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Peace hopes fade in Philippine south

ICC Note:

Hope of peace in Mindanao is beginning to fade, months after failed peace talks brought the anger of Muslim rebels on many Christian communities in the region.


3/16/09 Philippines (BBC) In mid-2008, it looked as if there was at last – after decades of fighting – a chance for Mindanao to find lasting peace.

Eight years of negotiations between the Philippine government and the separatist group, the Moro Islamic Liberation Front, or MILF, had resulted in a framework agreement.

In early August, representatives from both sides gathered in the Malaysian capital, Kuala Lumpur, to sign the landmark deal. But the signing never took place.

The document faced fierce opposition at the 11th hour, including from some Christian leaders who challenged its legitimacy.

They complained that the government had failed to discuss the deal adequately with Christian communities in Mindanao – who form a majority on the island – and with the island’s indigenous people, despite the fact both communities would be directly affected.

The prospects for further talks seem bleak. Both sides say that in theory they are ready to resume negotiations.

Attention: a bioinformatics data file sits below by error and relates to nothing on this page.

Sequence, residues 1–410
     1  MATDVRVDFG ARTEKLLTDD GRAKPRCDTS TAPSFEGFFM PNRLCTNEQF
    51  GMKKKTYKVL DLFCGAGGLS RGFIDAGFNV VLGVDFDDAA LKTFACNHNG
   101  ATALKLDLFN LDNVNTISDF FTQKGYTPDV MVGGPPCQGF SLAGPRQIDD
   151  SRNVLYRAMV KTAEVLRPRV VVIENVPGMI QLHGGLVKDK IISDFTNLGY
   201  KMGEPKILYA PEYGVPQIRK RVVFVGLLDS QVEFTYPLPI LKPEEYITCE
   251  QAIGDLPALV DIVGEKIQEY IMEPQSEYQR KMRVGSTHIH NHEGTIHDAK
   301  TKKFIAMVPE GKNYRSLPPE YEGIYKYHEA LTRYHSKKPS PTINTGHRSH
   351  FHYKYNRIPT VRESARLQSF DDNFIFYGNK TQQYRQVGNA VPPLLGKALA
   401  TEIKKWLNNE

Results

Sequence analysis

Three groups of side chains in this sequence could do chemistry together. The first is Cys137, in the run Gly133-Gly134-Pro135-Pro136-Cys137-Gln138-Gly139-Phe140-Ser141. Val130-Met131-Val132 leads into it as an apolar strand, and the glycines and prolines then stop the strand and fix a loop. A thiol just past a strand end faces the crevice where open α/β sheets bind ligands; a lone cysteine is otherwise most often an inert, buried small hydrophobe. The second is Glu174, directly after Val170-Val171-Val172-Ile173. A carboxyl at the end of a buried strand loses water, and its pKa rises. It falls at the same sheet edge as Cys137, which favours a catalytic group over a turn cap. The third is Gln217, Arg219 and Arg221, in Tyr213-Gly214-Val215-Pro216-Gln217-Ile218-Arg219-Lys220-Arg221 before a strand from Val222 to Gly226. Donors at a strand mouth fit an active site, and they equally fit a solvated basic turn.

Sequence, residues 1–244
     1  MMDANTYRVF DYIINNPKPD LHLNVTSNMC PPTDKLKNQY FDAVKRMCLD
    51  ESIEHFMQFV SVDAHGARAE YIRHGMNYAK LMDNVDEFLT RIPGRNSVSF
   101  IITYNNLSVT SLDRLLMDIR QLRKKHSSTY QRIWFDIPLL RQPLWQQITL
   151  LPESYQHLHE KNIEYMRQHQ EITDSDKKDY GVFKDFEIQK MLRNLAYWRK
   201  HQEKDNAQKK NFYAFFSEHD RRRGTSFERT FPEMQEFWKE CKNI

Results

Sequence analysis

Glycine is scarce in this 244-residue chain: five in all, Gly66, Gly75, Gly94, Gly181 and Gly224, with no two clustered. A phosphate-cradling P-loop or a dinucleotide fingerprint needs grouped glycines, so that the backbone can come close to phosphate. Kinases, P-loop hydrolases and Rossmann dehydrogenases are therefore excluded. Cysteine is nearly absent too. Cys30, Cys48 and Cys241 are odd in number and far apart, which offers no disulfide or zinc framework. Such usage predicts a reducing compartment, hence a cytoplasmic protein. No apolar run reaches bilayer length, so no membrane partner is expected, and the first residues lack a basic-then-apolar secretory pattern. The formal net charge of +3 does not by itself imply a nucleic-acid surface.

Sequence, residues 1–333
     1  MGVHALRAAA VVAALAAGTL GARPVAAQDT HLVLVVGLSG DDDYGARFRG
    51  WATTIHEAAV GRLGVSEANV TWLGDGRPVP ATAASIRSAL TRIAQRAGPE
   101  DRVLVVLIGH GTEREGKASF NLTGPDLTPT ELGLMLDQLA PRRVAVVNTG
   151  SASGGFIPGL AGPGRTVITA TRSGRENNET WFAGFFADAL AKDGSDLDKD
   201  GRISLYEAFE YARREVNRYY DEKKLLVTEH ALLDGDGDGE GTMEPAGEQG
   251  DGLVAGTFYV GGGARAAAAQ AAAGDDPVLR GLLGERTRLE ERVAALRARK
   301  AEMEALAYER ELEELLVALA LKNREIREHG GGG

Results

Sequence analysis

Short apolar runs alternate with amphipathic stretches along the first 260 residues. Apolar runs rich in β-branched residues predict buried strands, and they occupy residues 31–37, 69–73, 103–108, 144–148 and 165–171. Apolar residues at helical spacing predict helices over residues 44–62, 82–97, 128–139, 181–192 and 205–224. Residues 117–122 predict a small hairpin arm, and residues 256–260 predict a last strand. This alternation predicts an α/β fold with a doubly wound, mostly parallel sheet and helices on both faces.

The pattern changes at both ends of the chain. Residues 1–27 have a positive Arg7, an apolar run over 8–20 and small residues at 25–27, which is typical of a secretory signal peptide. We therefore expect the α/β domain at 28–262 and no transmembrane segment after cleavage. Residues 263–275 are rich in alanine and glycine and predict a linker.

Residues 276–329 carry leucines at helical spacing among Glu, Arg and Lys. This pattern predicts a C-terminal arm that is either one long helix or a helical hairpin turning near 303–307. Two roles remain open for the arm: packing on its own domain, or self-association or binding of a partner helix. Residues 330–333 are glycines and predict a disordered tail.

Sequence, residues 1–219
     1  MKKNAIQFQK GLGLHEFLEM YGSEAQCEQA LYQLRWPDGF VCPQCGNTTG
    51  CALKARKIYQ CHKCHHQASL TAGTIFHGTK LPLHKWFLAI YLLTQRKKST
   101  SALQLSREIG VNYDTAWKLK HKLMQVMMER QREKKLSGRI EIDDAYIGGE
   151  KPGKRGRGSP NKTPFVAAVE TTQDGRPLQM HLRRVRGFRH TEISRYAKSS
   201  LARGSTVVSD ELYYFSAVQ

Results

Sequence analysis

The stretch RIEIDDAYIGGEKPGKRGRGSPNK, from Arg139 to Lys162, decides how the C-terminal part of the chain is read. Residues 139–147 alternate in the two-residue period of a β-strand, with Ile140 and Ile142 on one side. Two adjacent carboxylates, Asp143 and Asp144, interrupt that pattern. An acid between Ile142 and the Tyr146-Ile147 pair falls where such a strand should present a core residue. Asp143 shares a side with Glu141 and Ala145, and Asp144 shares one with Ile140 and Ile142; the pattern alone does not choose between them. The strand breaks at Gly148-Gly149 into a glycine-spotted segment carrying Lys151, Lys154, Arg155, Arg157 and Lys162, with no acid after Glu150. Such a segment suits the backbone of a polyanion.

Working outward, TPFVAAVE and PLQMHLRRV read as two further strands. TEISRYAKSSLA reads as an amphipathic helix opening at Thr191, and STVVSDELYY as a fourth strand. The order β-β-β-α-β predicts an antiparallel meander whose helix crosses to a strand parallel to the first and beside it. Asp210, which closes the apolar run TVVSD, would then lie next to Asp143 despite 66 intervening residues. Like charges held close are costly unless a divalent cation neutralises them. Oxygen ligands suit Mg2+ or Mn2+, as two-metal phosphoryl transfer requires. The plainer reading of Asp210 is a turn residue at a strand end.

But the fact the Supreme Court declared the deal unconstitutional casts a shadow over future agreements which are founded on similar principles.

The situation is further complicated by the fact that the current President, Gloria Arroyo, now has a limited term of office. Her mandate expires in 2010.

“I don’t see any prospect,” Mr Iqbal told me, “of signing a peace deal under the Arroyo administration.”

There are some international efforts to broker fresh talks and get the peace process back on track.

But in the short term, it seems unlikely that the MILF leadership will be able to convince commanders who are now fighting to stop.

And until the violence ends, the tens of thousands of families who fled their villages, and are now trying to survive without adequate food or shelter, will not be able to go home.

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